ْعَمّان

In October this year, I complete two years since I moved to UAE. Etihad Airways was generous enough to show me the world in ways I could never imagine. I explored different countries, cities, nationalities and cultures through traveling as an inflight chef with the aviation giant, an unusual career change that I am glad to have ventured into. My last visit to Jordan was a refreshing getaway away from Abu Dhabi’s summer heat. I always long to meet the city I grew up in, the people I love and the family I cherish. Landing in Amman is the bitter sweet. The clear blue sky, the sweetness of the air and the smell of the old city, the handful of tress scattered on the yellowish lands mixed with the bitterness of a lost city.

Amman acquired a distinctive reputation for its soul. A city of a complicated structure. A population from different backgrounds, ethnicities, cultures and religions. A young city with a rich history. Diverse in nature, poor in resources, bursting with energy. How much I enjoy strolling the old jasmine scented streets of Jabal Al Weibdeh and smelling the pine trees and embracing the fresh breeze of the early mornings at King Hussein Park. The returning memories whenever I drive to my favorite places around Amman, remembering the individuals that I came across through Taste of Jordan and their unique passion, personalities and talents. With every visit, my memories slowly start to fade away, because just like people, cities do change.

It hurts me to witness the changes in Amman. With every visit, I identify several landmarks of the city being demolished to allow space for fancy office complexes, showrooms, malls and residential buildings. How can I compare the 2017 modern building to a block that dates back to the 70s? What emotions do I have for a reflection of a city that is no longer there? The landscape of Amman is slowly changing, leaving no room for public spaces, parks or side walks. Nowhere for people to escape from the busy city streets and stressful hours at the office or a getaway to breath and rejuvenate. It is a wake up call for all of us, to preserve our history for the generations to come and for the children of our future that will hold to the city of our childhood.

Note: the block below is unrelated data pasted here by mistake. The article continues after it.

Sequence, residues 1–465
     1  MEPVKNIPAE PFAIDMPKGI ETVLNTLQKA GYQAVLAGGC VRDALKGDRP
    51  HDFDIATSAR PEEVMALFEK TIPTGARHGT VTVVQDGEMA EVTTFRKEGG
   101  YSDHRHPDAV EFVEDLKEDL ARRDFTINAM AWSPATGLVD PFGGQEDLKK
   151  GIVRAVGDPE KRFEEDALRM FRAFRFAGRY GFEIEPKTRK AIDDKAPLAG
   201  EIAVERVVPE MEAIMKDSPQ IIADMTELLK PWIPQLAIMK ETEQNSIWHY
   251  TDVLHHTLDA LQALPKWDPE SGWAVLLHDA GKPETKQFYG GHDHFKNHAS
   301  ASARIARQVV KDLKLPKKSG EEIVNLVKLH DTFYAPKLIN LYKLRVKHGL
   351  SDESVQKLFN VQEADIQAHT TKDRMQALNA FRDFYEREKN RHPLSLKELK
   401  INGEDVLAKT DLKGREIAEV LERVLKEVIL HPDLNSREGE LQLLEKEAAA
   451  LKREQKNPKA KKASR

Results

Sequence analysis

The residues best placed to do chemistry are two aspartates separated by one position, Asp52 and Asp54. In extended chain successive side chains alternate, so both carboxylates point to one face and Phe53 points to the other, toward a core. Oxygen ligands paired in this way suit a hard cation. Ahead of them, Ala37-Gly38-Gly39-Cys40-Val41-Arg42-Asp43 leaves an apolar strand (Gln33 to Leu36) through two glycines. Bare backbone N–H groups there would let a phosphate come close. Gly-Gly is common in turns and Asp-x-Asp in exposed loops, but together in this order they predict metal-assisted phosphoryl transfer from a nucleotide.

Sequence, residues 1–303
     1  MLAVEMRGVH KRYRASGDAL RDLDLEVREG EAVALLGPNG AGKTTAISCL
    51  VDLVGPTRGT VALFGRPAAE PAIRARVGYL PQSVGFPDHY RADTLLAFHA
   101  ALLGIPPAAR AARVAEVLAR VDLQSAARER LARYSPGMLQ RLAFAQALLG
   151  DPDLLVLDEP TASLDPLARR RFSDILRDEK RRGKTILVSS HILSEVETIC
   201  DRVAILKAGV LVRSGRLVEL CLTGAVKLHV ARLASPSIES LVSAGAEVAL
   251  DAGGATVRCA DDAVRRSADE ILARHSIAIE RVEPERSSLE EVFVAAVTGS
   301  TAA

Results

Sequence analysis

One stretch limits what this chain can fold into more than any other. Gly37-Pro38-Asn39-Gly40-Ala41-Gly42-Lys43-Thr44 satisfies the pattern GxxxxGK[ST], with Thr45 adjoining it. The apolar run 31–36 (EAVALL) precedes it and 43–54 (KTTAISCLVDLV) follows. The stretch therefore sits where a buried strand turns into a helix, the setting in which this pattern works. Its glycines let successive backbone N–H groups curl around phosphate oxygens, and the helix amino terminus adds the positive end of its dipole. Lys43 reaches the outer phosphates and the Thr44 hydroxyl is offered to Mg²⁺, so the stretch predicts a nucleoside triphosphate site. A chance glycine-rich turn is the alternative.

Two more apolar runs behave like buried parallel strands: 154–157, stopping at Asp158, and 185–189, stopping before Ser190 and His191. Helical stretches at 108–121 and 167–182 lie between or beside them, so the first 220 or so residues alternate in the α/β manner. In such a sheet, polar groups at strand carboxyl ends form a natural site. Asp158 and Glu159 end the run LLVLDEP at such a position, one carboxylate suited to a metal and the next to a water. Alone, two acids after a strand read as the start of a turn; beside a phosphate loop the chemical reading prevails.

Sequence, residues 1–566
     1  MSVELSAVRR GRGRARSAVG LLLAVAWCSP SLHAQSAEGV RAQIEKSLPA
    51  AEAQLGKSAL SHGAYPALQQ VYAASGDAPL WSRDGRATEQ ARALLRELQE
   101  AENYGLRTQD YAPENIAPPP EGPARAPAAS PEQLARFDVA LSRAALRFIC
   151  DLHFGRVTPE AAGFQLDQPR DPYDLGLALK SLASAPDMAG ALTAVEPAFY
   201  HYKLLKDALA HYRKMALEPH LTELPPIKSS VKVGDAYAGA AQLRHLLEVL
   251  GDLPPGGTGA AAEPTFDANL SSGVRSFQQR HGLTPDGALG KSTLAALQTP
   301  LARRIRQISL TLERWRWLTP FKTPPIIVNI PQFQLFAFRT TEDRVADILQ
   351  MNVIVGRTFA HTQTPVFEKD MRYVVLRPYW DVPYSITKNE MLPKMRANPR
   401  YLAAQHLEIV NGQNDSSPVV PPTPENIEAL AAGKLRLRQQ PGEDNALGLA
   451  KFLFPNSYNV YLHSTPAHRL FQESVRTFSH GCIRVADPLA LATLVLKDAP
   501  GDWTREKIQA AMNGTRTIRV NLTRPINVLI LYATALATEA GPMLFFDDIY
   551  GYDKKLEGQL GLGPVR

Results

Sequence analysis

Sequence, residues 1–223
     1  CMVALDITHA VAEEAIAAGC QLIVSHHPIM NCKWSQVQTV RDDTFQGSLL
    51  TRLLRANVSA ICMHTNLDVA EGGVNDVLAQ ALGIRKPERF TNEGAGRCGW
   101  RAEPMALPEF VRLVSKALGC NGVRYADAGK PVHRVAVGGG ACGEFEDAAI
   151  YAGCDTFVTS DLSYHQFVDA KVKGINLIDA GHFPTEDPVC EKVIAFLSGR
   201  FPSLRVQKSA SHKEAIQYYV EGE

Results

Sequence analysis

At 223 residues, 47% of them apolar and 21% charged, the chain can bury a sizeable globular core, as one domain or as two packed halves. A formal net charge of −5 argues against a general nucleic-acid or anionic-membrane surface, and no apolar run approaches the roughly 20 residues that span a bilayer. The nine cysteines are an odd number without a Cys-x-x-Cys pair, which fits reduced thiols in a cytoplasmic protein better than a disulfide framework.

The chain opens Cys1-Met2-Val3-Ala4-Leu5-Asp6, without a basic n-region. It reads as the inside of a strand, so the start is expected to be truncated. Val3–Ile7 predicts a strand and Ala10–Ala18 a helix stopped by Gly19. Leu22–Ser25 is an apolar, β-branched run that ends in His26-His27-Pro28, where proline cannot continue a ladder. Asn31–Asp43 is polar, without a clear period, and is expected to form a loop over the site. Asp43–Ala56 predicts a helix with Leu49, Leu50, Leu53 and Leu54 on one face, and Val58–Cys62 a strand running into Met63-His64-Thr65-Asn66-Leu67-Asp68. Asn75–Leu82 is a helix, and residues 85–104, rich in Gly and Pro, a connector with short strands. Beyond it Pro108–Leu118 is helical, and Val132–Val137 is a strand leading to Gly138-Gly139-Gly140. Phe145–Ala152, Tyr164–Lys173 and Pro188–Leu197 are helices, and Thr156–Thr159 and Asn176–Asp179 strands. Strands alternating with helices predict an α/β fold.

As the struggle to keep Amman alive, another struggle persists in creating a signature culinary print of the capital, and of Jordan. New and existing restaurants are not the less but an imitation of others, or followers of trends taking place locally or internationally, lacking identity and personality. We all remember the burger storm taking Amman a few years back where, at the time, very few survived. A challenging and competitive market it is, yet very few have proved to earn good market share and a reasonable reputation for the passion they invested, hard work they put in and a vision that differentiated them from many others.

I am fascinated by the establishments who are proud the serve the healthy food styles of the quinoa and kale and the pink beetroot humus as highlights of the menu and specialty of the house, while the chicken breasts are served overcooked and dry. The world has moved past these trends and what I have witnessed more than ever is the ‘return to basic’ approach is adopted by many of the restaurants I dined in around the world. Old recipes are recreated, seasonal ingredients are used with emphasis on the local produce and fresh ingredients. The flavors of the Middle East and Jordan have a significant presence in the world. How little are the dishes that we can enjoy in a restaurant that have a hint of our ingredients and flavors? Think about red and brown lentils, chickpeas, fava beans, khubeezeh, cauliflower, maftool, freekih, eggplants and several other ingredients and how simply integrated in the design of the menus and the offering to the customers.

My hope in the near future to witness a change in the culinary approach in Amman. It wont be an easy integration nor will it gain quick public acceptance. We will witness some victims who will sacrifice their talents to help make the change. I wish for restaurants that don’t serve the quinoa tabouleh or ‘gluten free’ salads. I wish to see more creativity in menus that stand out for their unique design and ingredients. Let us think how to portray our culture and heritage through dinning experiences. We have a lot to offer, a long journey to travel and good change to create.

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